Could Apple’s iPad make your flesh-and-blood servers obsolete? New “fast casual plus” chain Stacked is going to find out, because its customers can only order and pay for their meals using the device. A pair of high-powered operators, not tech-crazy kids, are behind this concept.
The Stacked concept is the brainchild of Paul Motenko and Jerry Hennessey, the duo who in 1978 co-founded the casual dining concept now known as BJ’s Restaurant and Brewhouse. Huntington Beach, CA-based BJ’s has grown to become a publicly traded company that numbers 106 units. The chain has expanded beyond its California roots to establish a near-national footprint.
Motenko and Hennessey don’t run BJ’s any more, but their restaurant instincts are still sharp. Their new concept is Stacked, which relies on technology—specifically, iPads that reside on each unit’s 60 tables—to handle most waitstaff chores. Customers use the interactive devices to individually tailor and place their food order and, later, to pay their bill. Motenko and Hennessey see the resulting experience as falling somewhere between fast casual and pure casual dining.
“Stacked defies existing categories and will elevate fast casual dining to a new experience we are calling ‘fast casual plus,’” Motenko says. The still-to-be-announced menu will feature burgers, pizzas and salads, all of them readily customizable via the iPad. Drink options will range from beer and wine to milkshakes.
The first Stacked is set to open in May at the Del Amo Fashion Center in Torrance, CA. It will reside in a 6,300 sq. ft.-space that seats 160 guests. Unlike the handful of restaurant concepts that already use iPads as menus or wine lists, passing a small number of them around between customers, Stacked is placing the devices permanently on tables.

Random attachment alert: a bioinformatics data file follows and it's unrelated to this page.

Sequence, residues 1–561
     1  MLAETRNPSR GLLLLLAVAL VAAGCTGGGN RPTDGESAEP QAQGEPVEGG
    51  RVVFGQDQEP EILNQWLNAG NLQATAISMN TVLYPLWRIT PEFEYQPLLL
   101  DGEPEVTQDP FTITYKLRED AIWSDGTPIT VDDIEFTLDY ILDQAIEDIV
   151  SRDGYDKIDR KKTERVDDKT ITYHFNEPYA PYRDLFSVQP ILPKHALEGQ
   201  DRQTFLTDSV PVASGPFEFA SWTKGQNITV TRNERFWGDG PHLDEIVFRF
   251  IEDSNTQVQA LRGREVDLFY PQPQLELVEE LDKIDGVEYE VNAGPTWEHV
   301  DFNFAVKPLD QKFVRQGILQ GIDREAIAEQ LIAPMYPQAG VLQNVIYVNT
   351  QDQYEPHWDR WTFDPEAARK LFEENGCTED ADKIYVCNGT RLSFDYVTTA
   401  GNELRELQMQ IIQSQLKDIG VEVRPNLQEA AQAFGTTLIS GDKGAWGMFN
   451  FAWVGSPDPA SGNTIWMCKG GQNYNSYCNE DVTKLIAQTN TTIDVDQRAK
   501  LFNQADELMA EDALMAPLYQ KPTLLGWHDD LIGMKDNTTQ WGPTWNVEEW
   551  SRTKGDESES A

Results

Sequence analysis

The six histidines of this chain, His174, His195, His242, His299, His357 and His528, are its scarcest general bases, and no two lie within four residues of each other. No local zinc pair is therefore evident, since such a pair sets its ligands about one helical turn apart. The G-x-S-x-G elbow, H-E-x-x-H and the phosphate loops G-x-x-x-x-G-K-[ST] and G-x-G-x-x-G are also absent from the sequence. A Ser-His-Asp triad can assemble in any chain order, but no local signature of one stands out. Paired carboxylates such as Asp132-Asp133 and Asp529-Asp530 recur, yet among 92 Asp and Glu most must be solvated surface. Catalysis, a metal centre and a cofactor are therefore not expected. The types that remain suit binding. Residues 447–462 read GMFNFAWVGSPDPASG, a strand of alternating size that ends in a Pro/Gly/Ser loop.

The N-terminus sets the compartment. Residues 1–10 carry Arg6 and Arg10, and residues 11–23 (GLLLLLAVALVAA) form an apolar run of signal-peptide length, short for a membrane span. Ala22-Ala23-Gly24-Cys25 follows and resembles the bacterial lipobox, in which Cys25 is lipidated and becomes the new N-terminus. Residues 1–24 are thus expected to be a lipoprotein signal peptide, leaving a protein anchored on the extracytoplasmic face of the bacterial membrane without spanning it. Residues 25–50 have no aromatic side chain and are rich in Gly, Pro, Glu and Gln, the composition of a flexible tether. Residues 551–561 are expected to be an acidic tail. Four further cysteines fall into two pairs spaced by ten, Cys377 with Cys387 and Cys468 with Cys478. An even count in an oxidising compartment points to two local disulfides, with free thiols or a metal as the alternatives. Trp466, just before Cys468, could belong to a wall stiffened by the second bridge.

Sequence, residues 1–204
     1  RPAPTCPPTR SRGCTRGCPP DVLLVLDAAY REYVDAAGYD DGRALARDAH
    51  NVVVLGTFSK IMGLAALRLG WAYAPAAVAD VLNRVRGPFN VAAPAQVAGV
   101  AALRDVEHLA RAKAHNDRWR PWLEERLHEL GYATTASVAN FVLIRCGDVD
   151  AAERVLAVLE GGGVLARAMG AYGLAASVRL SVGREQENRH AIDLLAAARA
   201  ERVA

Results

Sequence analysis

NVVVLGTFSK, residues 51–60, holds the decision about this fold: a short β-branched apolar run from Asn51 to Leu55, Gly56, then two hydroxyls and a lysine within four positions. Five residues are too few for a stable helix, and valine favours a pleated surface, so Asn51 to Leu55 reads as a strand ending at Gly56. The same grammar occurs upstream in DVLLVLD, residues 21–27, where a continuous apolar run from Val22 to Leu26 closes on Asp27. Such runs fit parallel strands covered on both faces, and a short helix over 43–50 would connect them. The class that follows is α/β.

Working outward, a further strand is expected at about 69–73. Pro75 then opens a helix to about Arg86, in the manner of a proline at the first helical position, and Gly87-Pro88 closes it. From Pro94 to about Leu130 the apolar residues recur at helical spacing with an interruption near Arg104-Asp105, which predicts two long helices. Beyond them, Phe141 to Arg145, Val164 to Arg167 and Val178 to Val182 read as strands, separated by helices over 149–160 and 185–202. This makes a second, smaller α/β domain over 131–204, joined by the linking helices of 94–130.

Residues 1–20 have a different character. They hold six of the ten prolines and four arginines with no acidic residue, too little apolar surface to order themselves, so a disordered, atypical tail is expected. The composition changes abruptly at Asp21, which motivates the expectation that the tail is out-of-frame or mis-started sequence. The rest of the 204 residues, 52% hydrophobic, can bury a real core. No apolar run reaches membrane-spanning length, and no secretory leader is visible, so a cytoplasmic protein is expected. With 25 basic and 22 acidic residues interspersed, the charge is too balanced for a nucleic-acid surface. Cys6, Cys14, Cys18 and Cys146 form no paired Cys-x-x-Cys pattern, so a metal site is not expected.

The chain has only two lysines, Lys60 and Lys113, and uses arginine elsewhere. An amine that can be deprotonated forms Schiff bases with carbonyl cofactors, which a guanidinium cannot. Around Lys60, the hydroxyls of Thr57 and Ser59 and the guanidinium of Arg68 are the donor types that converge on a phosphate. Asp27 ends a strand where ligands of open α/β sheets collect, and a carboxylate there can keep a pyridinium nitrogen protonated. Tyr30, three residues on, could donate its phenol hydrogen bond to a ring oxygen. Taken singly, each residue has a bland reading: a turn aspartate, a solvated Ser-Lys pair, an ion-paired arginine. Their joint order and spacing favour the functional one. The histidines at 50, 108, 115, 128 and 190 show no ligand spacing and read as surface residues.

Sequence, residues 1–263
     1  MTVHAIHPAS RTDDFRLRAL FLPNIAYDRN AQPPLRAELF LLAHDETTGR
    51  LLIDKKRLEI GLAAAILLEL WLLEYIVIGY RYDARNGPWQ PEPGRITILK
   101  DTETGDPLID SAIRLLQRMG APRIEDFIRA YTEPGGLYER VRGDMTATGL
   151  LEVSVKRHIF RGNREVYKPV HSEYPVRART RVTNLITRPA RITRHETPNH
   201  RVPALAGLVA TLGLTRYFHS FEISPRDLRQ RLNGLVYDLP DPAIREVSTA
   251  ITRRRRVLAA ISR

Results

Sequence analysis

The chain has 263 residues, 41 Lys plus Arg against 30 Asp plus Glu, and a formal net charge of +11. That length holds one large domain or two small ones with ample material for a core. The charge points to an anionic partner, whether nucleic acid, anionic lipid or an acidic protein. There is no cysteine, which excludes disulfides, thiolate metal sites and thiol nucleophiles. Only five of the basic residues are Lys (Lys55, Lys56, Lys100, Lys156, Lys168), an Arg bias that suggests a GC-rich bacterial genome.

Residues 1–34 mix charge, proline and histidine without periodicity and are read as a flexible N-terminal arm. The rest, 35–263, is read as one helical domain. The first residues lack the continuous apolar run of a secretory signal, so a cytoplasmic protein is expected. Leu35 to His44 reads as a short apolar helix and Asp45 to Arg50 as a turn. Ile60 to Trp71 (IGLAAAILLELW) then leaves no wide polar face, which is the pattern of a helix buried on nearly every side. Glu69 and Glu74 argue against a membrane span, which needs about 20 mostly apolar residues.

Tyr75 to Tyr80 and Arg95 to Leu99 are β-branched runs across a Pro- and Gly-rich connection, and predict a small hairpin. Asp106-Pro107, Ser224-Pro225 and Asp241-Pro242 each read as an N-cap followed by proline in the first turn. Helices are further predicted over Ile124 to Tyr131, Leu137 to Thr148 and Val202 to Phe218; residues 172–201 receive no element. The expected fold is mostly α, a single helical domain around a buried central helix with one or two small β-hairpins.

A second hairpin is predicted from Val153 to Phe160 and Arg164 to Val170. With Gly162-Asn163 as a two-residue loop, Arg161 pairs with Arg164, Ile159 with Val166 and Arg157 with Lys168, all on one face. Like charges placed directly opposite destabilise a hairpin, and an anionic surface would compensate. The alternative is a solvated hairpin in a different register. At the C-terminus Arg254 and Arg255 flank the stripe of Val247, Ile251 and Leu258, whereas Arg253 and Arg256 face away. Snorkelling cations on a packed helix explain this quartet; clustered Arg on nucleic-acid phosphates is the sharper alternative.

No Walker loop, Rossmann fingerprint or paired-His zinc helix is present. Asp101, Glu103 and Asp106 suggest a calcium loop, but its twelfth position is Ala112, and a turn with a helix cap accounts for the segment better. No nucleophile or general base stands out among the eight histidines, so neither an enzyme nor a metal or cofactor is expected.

The debut Stacked unit will be equipped with 100 iPads. So will the second and third editions of the concept. Those restaurants are set to open later this year at Fashion Valley Mall in San Diego and at the Los Cerritos Center in Cerritos.
It’s a great gimmick, but these two restaurant veterans know that while a gimmick will get you trial, it’s food and service that bring the customer back.
“The key for us has always been for the technology to facilitate the experience,” Motenko says. “Regardless of why people walk in for the first time, it’s up to us to provide an experience that makes them want to come back.”
One hundred iPads is a sizable up-front investment, but subsequent reductions in labor costs and menu printing expenses should mitigate this cost.
You may be wondering if Apple, set to reveal the new iPad 2 on March 2, is giving Stacked a deal.
“They are very excited about what we are doing and will probably help us in a variety of ways,” Motenko tells Fox News. “What is more significant to Apple is the number of people who will be exposed to using the iPad in our restaurants. We are expecting about 7,000 customers a week, per restaurant, using an iPad—that is an awful lot of exposure.”
Indeed, It’s also an awful lot of customers. If Stacked does anywhere near 1,000 customers a day—that’s six table turns—you can bet you’ll see still more technological innovations in restaurants pop up in a hurry.